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New Approach in the War against Disease-causing Bacteria: Cannibalism

Research suggests that bacteria that naturally prey on other bacteria may hold promise in the fight to eradicate antibiotic-resistant bacterial infections.

Research published in the Journal of Applied Microbiology suggests that utilizing biological-based agents such as so-called “predatory bacteria” may hold promise for eradicating multidrug-resistant bacteria.

In the article “Predation of Human Pathogens by the Predatory Bacteria Micavibrio aeruginosavorus and Bdellovibrio bacteriovorus," Daniel Kadouri, PhD, and colleagues reported on their studies of cultures of the bacteriab Bdellovibrio bacteriovorus and Micavibrio aeruginosavorus mixed with pathogens from the genus Acinetobacter, Aeromonas, Bordetella, Burkholderia, Citrobacter, Enterobacter, Escherichia, Klebsiella, Listonella, Morganella, Proteus, Pseudomonas, Salmonella, Serratia, Shigella, Vibrio and Yersinia. They found that these two strains “have an ability to prey and reduce many of the multidrug-resistant pathogens associated with human infection.”

In a news release from the University of Medicine and Dentistry of New Jersey (UMDNJ), Kadouri, an assistant professor of oral biology at New Jersey Dental School, said that the two bacteria used in this study “actually have to consume other bacteria in order to complete their life cycles… They have a great ability to seek out other bacteria, invade them, grow in or on them, and kill them.”

During the study, Kadouri’s team observed that M. aeruginosavorus reduced the population of 57 of 89 bacteria strains that were examined; B. bacteriovorus reduced 68 out of 83 bacteria tested. Among the potentially clinically relevant findings from the study, the authors noted that the bacteria effectively attacked “Klebsiella pneumoniae, a cause of lung infection; Pseudomonas aeruginosa, which can be fatal for patients suffering from the lung disorder cystic fibrosis; and cinetobacter, which in its drug-resistant form can produce extremely hard-to-treat infections in wounds.”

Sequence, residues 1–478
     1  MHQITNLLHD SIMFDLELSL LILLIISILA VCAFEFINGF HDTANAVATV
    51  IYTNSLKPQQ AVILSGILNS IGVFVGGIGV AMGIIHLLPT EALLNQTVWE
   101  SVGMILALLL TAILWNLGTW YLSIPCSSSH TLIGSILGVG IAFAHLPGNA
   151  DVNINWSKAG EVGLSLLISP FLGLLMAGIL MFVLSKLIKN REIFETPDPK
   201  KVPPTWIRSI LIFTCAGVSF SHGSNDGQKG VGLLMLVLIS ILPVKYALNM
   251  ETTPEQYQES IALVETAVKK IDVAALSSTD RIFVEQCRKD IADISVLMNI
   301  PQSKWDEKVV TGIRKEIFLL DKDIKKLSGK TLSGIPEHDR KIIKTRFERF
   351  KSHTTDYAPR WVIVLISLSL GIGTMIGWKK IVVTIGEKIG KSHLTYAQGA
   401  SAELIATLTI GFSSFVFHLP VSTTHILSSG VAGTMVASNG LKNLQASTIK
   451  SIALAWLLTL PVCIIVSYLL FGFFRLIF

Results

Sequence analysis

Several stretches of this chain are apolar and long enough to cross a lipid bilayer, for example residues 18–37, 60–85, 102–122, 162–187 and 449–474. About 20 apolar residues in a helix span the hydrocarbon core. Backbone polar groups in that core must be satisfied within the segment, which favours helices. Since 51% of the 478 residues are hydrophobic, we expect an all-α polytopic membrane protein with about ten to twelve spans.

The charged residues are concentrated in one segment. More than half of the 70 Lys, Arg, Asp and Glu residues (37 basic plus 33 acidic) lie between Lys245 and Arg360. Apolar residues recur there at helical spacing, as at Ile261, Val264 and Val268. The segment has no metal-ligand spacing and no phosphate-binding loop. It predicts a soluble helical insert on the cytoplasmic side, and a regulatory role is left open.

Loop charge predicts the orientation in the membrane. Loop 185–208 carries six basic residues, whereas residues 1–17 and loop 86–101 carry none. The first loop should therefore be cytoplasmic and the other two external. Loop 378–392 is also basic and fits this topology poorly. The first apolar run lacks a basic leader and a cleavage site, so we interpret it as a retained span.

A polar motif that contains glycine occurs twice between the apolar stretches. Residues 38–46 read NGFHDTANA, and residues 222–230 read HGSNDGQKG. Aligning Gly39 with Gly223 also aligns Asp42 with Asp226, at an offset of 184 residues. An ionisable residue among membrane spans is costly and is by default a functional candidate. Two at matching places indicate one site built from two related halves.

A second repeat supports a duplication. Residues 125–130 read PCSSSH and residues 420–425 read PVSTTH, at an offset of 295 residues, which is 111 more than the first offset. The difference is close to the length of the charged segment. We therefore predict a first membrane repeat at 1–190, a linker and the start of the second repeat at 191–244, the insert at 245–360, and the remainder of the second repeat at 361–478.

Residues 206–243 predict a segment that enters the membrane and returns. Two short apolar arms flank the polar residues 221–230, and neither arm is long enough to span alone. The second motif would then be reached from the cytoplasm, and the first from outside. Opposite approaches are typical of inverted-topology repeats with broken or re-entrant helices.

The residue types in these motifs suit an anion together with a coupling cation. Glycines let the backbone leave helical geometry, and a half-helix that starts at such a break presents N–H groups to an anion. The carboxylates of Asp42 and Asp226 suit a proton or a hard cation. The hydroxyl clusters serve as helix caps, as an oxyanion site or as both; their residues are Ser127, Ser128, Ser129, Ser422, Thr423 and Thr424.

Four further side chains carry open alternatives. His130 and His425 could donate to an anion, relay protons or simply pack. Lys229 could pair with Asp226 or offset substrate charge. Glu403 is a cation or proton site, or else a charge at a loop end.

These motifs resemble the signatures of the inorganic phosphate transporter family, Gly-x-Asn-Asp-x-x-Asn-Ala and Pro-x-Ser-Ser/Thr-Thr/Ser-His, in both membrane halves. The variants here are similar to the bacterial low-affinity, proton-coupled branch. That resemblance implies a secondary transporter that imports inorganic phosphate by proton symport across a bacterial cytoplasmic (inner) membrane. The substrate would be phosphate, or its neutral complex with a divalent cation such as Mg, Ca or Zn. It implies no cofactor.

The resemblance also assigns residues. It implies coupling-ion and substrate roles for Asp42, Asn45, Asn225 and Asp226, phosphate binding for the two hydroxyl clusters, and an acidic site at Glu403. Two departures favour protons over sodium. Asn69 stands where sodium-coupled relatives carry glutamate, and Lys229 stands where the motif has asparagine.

Commenting on these results, the authors wrote that “infectious complications caused by micro-organisms that have become resistant to drug therapy are an increasing problem in medicine, with more infections becoming difficult to treat using traditional antimicrobial agents. The work presented here highlights the potential use of predatory bacteria as a biological-based agent for eradicating multidrug-resistant bacteria, with the hope of paving the way for future studies in animal models.”

The fact that these results were produced in the lab was also noted in the UMDNJ news release, which said that it is unknown currently whether predator bacteria “can have the same effect on harmful microbes inside the human body as they do in the lab. It is possible that the human immune system would neutralize these bacteria before they could do their beneficial work. But if that problem can be avoided, or solved, Kadouri is confident that a new disease-fighting tool may one day be put into use.”

In the video below, Kadouri discusses this research and the potential implications it may have in the fight against drug-resistant infection.